Venous Disease

(Leg Vein Problems)


Venous disease (leg vein problems), such as blood clots and weak or damaged veins, can interfere with the crucial role of veins in the cardiovascular system—to return blood to the heart and lungs, where it’s reloaded with the oxygen the body needs to function and stay healthy. Venous disease is a common chronic condition—in fact, it’s estimated that by the age of 50, 40% of women* and 20% of men* will have leg vein problems.1 If you don’t do something about these vein problems, they can hurt and interfere with your daily activities for the rest of your life.

For the blood to get to the heart from the legs, it must travel upwards against gravity. It does this with the help of the veins and the surrounding muscle. When we stand and walk, the muscles constrict, squeezing the veins and pushing the blood toward the heart through a system of valves. When we sit, or at rest, the muscles relax, and valves within the veins close to prevent blood from flowing back into the legs and feet. About 90 percent of our blood returns to the heart through the deep veins—veins that lie deep within the body. The other two types of veins are superficial and connecting. Superficial veins are the ones you can see through your skin. They carry blood from tissue closer to the surface of your skin to the deep veins, where the blood flows to the heart. Connecting veins carry blood from the superficial veins to the deep veins.

Several common vein problems can develop in the legs. Some are more serious than others, but all are worth discussing with your doctor.

Type of Vein Problem


Chronic venous insufficiency (CVI)

  • Venous reflux

  • High blood pressure in the vein (venous hypertension)

  • Varicose veins

  • Spider veins

CVI refers to damage or weakness in the vein wall or vein valve that allows blood to flow back down the vein (venous reflux). The backflow of blood accumulates in the veins and causes inflammation (phlebitis) and potentially clotting. Clotting can block or slow blood flow through the vein, raising blood pressure and possibly causing more damage. Varicose and spider veins are caused by the accumulation of blood from venous reflux.

Congenital vascular malformation (includes birthmarks)

This catchall term affects very few people (less than 1%) and refers to those born with defective veins. For example, the veins may not have valves. This category also includes birthmarks, a cluster of veins close to the skin.

Deep vein thrombosis (DVT)

With DVT, blood clots form in the large veins deep within the legs, pelvis, and sometimes in the arms. As many as 900,000 people in the U.S. are affected by DVT each year.2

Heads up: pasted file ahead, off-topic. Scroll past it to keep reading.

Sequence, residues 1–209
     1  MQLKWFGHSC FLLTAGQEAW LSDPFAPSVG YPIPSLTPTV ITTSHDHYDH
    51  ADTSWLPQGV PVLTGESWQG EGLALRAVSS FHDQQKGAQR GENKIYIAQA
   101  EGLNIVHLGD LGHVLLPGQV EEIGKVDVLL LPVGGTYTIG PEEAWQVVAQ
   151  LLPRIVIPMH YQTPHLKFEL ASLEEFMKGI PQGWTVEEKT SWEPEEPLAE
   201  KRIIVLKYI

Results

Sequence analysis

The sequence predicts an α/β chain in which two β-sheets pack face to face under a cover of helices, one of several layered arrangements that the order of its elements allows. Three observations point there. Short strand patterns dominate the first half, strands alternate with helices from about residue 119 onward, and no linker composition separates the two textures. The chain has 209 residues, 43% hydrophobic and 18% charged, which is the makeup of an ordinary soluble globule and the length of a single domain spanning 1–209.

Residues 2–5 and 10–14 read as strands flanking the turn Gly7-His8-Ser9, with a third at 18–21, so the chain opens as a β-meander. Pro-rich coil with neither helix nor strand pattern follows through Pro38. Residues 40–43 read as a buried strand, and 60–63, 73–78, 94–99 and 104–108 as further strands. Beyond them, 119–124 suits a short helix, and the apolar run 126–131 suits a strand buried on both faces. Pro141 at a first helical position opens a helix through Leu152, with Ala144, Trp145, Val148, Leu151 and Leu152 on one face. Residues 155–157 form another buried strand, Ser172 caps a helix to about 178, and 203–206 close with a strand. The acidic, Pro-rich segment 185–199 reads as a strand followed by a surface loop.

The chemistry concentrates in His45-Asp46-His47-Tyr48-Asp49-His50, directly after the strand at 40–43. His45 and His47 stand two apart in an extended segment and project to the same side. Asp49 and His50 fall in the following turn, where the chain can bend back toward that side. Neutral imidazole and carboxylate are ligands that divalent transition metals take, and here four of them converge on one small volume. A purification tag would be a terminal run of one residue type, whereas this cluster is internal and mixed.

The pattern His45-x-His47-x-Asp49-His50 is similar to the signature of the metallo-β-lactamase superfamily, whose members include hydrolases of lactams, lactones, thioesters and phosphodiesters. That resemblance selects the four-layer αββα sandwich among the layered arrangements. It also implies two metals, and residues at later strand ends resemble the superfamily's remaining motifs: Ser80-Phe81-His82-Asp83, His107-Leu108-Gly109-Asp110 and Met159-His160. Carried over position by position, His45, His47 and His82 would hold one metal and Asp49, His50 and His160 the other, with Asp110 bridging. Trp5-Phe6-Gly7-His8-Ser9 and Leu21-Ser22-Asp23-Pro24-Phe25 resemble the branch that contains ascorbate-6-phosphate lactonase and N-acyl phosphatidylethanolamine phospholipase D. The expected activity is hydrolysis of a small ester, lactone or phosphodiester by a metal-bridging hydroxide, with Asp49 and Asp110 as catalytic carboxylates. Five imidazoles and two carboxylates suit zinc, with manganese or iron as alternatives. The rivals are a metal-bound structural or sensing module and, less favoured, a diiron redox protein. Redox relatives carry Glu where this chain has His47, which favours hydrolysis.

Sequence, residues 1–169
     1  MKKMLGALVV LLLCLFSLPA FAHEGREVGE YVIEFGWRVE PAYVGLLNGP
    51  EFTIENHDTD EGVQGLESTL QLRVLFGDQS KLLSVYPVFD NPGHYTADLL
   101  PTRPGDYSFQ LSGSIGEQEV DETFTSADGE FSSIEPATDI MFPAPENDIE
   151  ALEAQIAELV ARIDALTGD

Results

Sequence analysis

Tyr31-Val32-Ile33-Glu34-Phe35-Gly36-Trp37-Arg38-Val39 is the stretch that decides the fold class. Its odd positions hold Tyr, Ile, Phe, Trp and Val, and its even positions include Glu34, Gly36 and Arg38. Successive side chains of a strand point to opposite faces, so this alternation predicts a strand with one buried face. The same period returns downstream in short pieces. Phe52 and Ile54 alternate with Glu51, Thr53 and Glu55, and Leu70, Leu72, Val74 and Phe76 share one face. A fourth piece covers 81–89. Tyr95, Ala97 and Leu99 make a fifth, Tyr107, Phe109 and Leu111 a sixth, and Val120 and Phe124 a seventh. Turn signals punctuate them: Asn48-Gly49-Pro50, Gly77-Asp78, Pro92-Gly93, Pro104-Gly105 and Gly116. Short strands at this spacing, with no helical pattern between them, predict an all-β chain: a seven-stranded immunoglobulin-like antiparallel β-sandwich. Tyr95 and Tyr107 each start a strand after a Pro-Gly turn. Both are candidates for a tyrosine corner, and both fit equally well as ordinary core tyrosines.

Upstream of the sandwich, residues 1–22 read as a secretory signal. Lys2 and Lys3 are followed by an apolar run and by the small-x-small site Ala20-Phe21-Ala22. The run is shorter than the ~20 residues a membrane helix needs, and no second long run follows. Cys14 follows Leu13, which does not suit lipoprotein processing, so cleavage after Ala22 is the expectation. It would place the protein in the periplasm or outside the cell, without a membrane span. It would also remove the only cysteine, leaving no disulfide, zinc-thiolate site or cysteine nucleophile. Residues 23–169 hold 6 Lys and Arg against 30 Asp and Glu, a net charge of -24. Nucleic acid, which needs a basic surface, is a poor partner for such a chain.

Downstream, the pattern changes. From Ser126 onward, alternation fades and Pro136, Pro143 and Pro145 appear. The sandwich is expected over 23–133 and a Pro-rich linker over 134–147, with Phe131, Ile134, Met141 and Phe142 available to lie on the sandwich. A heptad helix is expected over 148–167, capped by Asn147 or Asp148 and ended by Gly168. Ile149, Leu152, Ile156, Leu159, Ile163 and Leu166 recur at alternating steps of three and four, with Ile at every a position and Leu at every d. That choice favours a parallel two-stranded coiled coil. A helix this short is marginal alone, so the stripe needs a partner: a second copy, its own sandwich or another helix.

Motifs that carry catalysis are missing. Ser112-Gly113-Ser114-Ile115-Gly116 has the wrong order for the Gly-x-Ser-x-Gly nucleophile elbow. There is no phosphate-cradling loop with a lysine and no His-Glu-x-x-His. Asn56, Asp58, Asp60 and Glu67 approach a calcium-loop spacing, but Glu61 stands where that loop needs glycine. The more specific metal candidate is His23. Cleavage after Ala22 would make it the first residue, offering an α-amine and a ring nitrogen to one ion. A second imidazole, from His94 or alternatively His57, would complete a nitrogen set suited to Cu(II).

This condition refers to swelling in the deep or superficial veins.

Post-thrombotic syndrome (also known as post-phlebitic syndrome and venous stress disorder)

In this condition, the symptoms of pain, heaviness in the leg or foot, cramps, itching, tingling, bluish or brownish flaky skin, sores, and varicose veins caused by DVT continue after treatment, either because the blood clot is still there or the blood clot caused other damage to the vein.

Pulmonary embolism (PE)

This condition is when a blood clot breaks free from a deep vein and enters an artery in the lung. PE is a life-threatening condition that can cause heart failure, so it’s important to call 911 if you have trouble breathing or are coughing up blood as this may be PE. 


This condition causes swelling by a blood clot in the vein. It can occur in the superficial or deep veins.


This condition refers to a blood clot in the vein. Blood clots can block blood flow, break free, and travel through the bloodstream to the heart and lungs (see pulmonary embolism [PE] above).

Venous sores

When the pressure in the veins continues for a long time, it can break down healthy tissue, which causes ulcers or sores.

*The term “women” in the context of “women’s cardiovascular health” applies to individuals assigned female at birth (AFAB) who have a female biological reproductive system, which includes a vagina, uterus, ovaries, Fallopian tubes, accessory glands, and external genital organs.

*The term “men” in the context of “cardiovascular health” applies to individuals assigned male at birth (AMAB) who have a male biological reproductive system, which includes a penis, scrotum, testes, epididymis, vas deferens, prostate, and seminal vesicles.